Jens Stoltenberg said he does not want a Cold War with Russia
President Donald Trump has repeatedly hinted he may withdraw US support for NATO altogether, calling it “obsolete” and a waste of American taxpayers’ dollars.
But with Russia-NATO relations at an all time low, American support for the military alliance is vital when Baltic States of Latvia, Lithuania and Estonia fear an attack by Vladimir Putin’s troops.
NATO General Secretary, Jens Stoltenberg, said: “NATO does not want confrontation with Russia. We don’t seek confrontation with Russia. We don’t want a new Cold War so our response is measured.
Donald Trump has stemmed fears the US will leave NATO
NATO does not want confrontation with Russia. We don’t want a new Cold War so our response is measured
NATO General Secretary, Jens Stoltenberg
“It is transparent and it is defensive. But it sends a clear signal that we stand together. That all Allies are ready to protect each other. Defending one another.”
Relations between the West and Moscow have deteriorated since Russia's occupation in Ukraine along with growing tensions over the war against the barbaric Islamic State (ISIS) in Syria.
In direct response, thousands of US troops arrived in Poland last month to defend NATO borders and to reassure the alliance’s Eastern European allies.
However it appears Donald Trump is attempting to tighten relations with Mr Putin by hinting he may lift sanctions against Moscow for its military backing of Syrian President Bashar al-Assad.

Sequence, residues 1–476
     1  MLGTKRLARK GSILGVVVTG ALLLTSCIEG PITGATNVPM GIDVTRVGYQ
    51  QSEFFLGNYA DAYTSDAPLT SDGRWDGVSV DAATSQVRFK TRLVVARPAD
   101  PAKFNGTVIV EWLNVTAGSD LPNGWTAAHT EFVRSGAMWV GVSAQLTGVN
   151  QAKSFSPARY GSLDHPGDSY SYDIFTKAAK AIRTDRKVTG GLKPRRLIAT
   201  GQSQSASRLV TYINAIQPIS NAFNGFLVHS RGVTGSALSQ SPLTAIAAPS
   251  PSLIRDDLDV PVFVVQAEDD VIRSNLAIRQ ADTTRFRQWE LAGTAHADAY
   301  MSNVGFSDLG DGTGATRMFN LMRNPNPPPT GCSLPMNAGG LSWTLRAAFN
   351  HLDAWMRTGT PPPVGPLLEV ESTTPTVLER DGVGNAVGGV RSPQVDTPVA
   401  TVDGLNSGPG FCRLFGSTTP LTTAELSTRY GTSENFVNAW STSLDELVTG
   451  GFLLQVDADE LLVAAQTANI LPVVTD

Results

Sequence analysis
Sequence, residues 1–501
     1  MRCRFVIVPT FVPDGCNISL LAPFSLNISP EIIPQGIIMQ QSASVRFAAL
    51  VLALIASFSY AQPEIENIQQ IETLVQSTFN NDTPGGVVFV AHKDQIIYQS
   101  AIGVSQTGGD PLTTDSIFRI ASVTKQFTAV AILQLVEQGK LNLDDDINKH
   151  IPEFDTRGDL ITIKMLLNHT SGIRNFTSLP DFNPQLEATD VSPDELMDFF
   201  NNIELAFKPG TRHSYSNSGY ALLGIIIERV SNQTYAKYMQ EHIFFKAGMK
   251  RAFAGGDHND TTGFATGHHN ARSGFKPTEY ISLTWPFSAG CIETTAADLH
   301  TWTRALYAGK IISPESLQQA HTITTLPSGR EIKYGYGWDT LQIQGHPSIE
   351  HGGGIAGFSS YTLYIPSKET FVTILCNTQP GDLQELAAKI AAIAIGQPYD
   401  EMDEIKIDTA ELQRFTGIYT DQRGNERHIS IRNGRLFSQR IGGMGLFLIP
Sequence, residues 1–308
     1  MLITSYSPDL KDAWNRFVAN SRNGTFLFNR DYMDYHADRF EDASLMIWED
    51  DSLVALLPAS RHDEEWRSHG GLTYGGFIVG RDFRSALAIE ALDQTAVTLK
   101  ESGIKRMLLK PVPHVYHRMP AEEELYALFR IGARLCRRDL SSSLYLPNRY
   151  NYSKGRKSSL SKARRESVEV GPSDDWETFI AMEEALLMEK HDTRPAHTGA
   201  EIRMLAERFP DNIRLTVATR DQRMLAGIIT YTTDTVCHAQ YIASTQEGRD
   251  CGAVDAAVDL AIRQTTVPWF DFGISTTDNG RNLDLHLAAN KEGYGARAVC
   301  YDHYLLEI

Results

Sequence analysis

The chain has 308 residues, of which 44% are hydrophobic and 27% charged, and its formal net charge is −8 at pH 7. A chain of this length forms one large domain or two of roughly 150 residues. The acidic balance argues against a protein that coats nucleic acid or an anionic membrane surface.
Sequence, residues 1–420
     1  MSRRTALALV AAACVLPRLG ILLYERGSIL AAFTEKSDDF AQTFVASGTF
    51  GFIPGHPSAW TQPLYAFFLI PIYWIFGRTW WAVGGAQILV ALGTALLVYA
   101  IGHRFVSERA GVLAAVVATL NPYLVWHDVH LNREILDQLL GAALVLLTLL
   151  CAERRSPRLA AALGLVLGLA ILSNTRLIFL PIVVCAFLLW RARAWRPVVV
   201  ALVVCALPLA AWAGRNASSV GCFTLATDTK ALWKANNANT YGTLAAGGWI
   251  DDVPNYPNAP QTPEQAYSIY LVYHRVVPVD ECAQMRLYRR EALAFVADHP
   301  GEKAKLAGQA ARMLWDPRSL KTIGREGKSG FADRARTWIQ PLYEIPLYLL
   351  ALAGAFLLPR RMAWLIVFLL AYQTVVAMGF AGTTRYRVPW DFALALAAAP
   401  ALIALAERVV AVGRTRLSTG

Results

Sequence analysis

NATO: Things you need to know
Tue, January 24, 2017
NATO – The North Atlantic Treaty Organization is an intergovernmental military alliance based on the North Atlantic Treaty which was signed on 4th April 1949. The organization constitutes a system of collective defence whereby its member states agree to mutual defence in response to an attack by any external party.
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One of the world’s major international institutions. It is a political and military Alliance of 28 member countries from Europe and North America. Photo shows: View of leaders of NATO, 1960.
Jens Stoltenberg meets Theresa May
But this has been overshadowed by Mr Trump’s repeated threats to pull America out of NATO.
Mr Stoltenberg was keen to give assurances, and said: “I spoke with then President-elect Donald Trump after he was elected in November and I’ve also spoken with Secretary of Defense Mattis recently.
“They have all conveyed the same message that United States will remain committed to NATO to the Trans-Atlantic bond and that it’s not only something that they say but we also see now that the United States is actually increasing its presence in Europe.”
Most recently, the President Trump demanded Brussels abandon plans for an EU army if it wants the US to continue support for NATO.
The defence alliance already relies heavily on Washington for around three-quarters of its funding.
Relations between Moscow and Washington were previously fraught
In Europe, many still do not meet the two per cent of GDP target set by Nato – although Britain does.
The collapse of NATO would see vital US funding for Europe's defence dry up, handing Mr Putin carte blanche to increase military action to the east.
However Mr Stoltenberg said Mr Trump’s open dialogue with Mr Putin was based on “strengthening” the Western alliance.
He added: “We don’t want confrontation, we don’t want a new Cold War so we are keeping the channels for political dialogue open with Russia and the message from the incoming administration is that, the new US Administration, is that they also want dialogue with Russia but it’s based on strength.
“I think that’s exactly the same message that we are conveying from the whole Alliance and we agreed in Warsaw at our Summit that we need strong defence but also political dialogue with Russia and I look forward to work together with the new President and his security team on exactly … on how to implement and how to follow up that message.”